This is how I thought: do I even belong here? How funny that I spent the greater time worrying about humbling myself before the Great that I assumed would be there. I eventually realized that there was no real way to prep for the conference, so I just sat back and watched the #badAWPadvice roll in while I packed my bag (not quite well enough for the snow). I sensed the theme of all the advice: yes, we are all writers, relax.

I was the first to launnamednd on the ground in Minneapolis, so my selfie was the one plastered across the ASU News page and other social media. Already still wondering how I got there, I was even more confused by seeing this. Yes, you are here. This picture in the article was found by my sweet mom, who unknowingly professed her love for me on the Facebook post. Already unsure of myself, I thought that this was even more embarrassing. Quickly, I realized I needed to not take myself so seriously. Many moments on the trip felt like these little nuggets of life wisdom.

I spent that hour alone in the city wandering, getting my bearings, trying to center myself for the event. I never felt like I stopped moving (which made sense given the plane, subway, bus, and walk to the hotel I took to start) that entire trip.

The girls I roomed with were the highlight of the conference. Early on, we bonded, and I was able to learn from these like-minded women, who were in the same undergraduate, lost boat as I was. This bonding—this sense of community—defined the trip. I got it: an association of writers.

We spent our first night in a crowded, local Normal World Pub that couldn’t fit more people in if it tried–and it did try. The Literary Death Match was hosted there, and right away the trip began with awkward bump ins and “excuse me, coming throughs” with fabulous writers like Roxane Gay, Mark Doten, Matt Bell, and Claire Vaye Watkins. We pushed, shoved to the front of the crowd and had the equally the best and worst spot up front and right next to the bathrooms  where the waiters/passerbys had to continuously shove to pass. None of that mattered because everyone was enjoying the readings, the impromptu performance of Matt Bell, and the literary charades to follow.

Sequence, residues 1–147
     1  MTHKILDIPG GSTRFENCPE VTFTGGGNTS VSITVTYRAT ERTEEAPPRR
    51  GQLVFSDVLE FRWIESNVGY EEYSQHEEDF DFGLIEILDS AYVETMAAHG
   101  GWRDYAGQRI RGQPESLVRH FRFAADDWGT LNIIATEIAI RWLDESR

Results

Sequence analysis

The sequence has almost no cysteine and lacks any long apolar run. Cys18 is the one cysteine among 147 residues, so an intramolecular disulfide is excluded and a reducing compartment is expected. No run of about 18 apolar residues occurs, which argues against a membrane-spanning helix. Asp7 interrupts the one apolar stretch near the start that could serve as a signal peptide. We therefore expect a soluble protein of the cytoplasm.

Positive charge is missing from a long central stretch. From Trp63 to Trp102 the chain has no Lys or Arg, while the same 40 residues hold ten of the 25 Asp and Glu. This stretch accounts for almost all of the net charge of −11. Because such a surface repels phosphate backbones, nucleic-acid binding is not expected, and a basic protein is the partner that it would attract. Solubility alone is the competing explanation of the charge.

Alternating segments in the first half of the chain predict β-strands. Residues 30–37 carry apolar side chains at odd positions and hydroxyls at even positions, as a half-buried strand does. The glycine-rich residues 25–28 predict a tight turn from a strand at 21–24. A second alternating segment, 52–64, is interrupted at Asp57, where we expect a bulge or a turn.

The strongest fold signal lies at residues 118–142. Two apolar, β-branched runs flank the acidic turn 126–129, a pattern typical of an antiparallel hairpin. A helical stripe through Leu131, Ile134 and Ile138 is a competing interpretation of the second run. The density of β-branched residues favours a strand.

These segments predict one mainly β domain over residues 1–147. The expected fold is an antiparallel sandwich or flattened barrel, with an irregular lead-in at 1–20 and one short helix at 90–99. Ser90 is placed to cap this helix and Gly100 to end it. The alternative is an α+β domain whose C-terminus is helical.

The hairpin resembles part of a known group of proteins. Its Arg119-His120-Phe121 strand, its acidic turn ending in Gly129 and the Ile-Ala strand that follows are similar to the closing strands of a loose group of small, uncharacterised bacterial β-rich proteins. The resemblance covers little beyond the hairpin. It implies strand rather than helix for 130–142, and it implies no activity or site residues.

The conference itself felt like swirling dream sequences. I had a dream before the trip that the conference was like a casino. There were no lights and gambling tones rising above the crowd, but we were enticed into various panels and rooms until we reached the last day and were all ready to go home, slightly broke from buying books and cool totes and souvenirs at the book fair.

I learned a lot from the panels I did go to, and I also learned to relax when I didn’t go to a panel. Everything began to bleed into everything else like watercolors, and I was okay with that. I even sort of liked that better than the regimented plan that I originally assumed would get me through the conference.

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Left to right: Stephanie Funk, Sydni Budelier and Erin Regan

I was not discouraged by the advice, but rather uplifted because every person that I met only reminded me that you write because you love it. I understood that the conference served as a reunion for many writers, who after years teaching or living elsewhere, were able to catch up and engage in the same thought-provoking conversations with other like-minded and intuitive people.
I was thrilled to meet the humans behind the contributors list in SR, to take part in curious conversations, and to connect with the past SR Editor-in-Chiefs, Erin Regan and Sydni Budelier, and the most recent fiction editor and my mentor, Stephanie Funk. It truly was a treat, and I won a golden ticket with the friendships and memories from AWP15.

Photos by Jessica Marie Fletcher